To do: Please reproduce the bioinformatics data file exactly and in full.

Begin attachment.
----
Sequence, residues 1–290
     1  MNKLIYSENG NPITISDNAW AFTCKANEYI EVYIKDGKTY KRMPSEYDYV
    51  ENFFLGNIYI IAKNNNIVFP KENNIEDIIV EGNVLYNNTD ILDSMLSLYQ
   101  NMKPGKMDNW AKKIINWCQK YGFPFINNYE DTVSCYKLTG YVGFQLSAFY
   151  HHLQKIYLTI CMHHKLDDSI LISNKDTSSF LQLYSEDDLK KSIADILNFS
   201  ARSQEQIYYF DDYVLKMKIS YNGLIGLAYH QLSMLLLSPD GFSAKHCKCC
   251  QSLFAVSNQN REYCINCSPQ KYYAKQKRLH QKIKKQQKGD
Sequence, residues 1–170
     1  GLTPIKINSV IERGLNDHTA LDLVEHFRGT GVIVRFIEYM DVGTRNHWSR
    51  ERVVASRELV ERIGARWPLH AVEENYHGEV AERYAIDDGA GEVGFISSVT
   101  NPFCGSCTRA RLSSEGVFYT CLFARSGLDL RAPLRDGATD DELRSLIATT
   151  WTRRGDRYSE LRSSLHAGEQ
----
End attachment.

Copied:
Sequence, residues 1–290
     1  MNKLIYSENG NPITISDNAW AFTCKANEYI EVYIKDGKTY KRMPSEYDYV
    51  ENFFLGNIYI IAKNNNIVFP KENNIEDIIV EGNVLYNNTD ILDSMLSLYQ
   101  NMKPGKMDNW AKKIINWCQK YGFPFINNYE DTVSCYKLTG YVGFQLSAFY
   151  HHLQKIYLTI CMHHKLDDSI LISNKDTSSF LQLYSEDDLK KSIADILNFS
   201  ARSQEQIYYF DDYVLKMKIS YNGLIGLAYH QLSMLLLSPD GFSAKHCKCC
   251  QSLFAVSNQN REYCINCSPQ KYYAKQKRLH QKIKKQQKGD
Sequence, residues 1–170
     1  GLTPIKINSV IERGLNDHTA LDLVEHFRGT GVIVRFIEYM DVGTRNHWSR
    51  ERVVASRELV ERIGARWPLH AVEENYHGEV AERYAIDDGA GEVGFISSVT
   101  NPFCGSCTRA RLSSEGVFYT CLFARSGLDL RAPLRDGATD DELRSLIATT
   151  WTRRGDRYSE LRSSLHAGEQ